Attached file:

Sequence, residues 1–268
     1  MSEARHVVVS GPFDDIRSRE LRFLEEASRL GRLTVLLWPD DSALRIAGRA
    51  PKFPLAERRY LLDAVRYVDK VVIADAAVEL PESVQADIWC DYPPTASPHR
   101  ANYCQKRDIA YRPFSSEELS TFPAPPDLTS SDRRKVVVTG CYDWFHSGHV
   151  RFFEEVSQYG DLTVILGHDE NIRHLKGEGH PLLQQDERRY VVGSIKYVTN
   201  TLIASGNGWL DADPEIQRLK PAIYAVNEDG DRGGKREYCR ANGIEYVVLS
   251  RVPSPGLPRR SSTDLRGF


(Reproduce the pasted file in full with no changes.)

Sequence, residues 1–268
     1  MSEARHVVVS GPFDDIRSRE LRFLEEASRL GRLTVLLWPD DSALRIAGRA
    51  PKFPLAERRY LLDAVRYVDK VVIADAAVEL PESVQADIWC DYPPTASPHR
   101  ANYCQKRDIA YRPFSSEELS TFPAPPDLTS SDRRKVVVTG CYDWFHSGHV
   151  RFFEEVSQYG DLTVILGHDE NIRHLKGEGH PLLQQDERRY VVGSIKYVTN
   201  TLIASGNGWL DADPEIQRLK PAIYAVNEDG DRGGKREYCR ANGIEYVVLS
   251  RVPSPGLPRR SSTDLRGF